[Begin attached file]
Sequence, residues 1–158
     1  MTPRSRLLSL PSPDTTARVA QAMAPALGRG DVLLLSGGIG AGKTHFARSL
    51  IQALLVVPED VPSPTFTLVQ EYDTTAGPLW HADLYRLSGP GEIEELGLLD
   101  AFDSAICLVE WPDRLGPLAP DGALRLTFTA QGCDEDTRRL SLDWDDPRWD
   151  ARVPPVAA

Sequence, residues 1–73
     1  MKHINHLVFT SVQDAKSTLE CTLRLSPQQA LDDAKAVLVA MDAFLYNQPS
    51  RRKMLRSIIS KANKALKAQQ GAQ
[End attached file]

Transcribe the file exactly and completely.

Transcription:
Sequence, residues 1–158
     1  MTPRSRLLSL PSPDTTARVA QAMAPALGRG DVLLLSGGIG AGKTHFARSL
    51  IQALLVVPED VPSPTFTLVQ EYDTTAGPLW HADLYRLSGP GEIEELGLLD
   101  AFDSAICLVE WPDRLGPLAP DGALRLTFTA QGCDEDTRRL SLDWDDPRWD
   151  ARVPPVAA

Sequence, residues 1–73
     1  MKHINHLVFT SVQDAKSTLE CTLRLSPQQA LDDAKAVLVA MDAFLYNQPS
    51  RRKMLRSIIS KANKALKAQQ GAQ